Despite spending many hours playing World of Tanks and World of Warships, it's probably too late for me to take my admittedly substandard gaming skills and use them to become a cybersecurity professional.
However, the younger generation of screen junkies and Twitch followers might be exactly who cybersecurity teams need to recruit to fill the many vacant job spots on their rosters -- at least according to a recent McAfee study.
McAfee surveyed 950 cybersecurity professionals who work in companies that employ more than 500 people, and an overwhelming number of them -- 92 percent -- believe that video gamers have the skills needed to excel in a cybersecurity role.
Perhaps this comes from the fact that 45 percent of those surveyed said that they themselves are serious gamers?
Be that as it may, the executives told McAfee that gamers have learned some interesting abilities while burning away hours playing titles such as Overwatch, Rainbow Six Siege and Fortnite -- and 75 percent said they would hire “a gamer even if that person had no specific cybersecurity training or experience,” the report stated.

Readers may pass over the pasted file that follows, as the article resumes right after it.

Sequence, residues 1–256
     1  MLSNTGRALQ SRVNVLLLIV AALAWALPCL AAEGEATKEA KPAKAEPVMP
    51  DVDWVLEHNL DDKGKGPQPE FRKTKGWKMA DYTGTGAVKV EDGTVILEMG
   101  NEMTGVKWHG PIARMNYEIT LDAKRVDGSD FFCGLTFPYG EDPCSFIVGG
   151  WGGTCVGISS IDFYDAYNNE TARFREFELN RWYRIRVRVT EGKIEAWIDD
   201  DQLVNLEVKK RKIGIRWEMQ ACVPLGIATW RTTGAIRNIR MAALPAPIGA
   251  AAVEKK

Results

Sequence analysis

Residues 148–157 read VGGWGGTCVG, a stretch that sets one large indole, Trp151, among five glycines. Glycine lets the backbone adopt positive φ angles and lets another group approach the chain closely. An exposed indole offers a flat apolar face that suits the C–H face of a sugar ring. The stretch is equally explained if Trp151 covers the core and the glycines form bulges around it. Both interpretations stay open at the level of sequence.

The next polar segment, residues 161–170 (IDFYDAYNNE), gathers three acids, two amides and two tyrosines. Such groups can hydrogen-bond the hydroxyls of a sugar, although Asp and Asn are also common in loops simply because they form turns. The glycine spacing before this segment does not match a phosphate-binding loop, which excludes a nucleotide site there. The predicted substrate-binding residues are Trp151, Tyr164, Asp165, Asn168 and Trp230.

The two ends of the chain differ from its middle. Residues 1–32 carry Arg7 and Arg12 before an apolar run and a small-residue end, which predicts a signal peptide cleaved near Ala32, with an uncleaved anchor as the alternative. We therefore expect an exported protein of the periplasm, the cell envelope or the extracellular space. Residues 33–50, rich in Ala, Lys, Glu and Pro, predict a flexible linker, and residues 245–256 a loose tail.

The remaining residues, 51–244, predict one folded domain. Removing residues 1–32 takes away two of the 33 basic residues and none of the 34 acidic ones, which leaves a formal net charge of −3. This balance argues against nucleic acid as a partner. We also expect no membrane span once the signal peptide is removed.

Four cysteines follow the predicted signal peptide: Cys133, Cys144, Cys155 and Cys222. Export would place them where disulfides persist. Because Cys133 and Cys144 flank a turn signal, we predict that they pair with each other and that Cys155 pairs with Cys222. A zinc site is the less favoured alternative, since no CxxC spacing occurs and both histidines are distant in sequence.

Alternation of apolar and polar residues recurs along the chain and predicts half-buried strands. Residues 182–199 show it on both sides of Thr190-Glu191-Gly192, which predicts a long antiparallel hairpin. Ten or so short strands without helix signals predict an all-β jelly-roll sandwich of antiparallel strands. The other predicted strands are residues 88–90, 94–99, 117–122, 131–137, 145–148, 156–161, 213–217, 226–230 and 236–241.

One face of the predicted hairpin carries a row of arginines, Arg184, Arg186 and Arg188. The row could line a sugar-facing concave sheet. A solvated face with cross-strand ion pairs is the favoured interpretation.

The skills most gamers have that interested the polled cybersecurity employers are:
“More than three quarters (78 percent) of respondents say the current generation entering the workforce, who have been raised playing video games, are stronger candidates for cybersecurity roles than traditional hires,” the report stated.
And to think parents, myself included, keep saying to put down that damn controller, go outside and do something constructive like mow the lawn or get a job. Maybe these younger folks have been training for a high-paying career right under our very noses.
At least that's what I'm hoping for, considering that my daughter Rebecca, with some help from her older brother, is familiar enough with gaming that she was able to text me the names of the three aforementioned game titles about two seconds after I asked for some examples.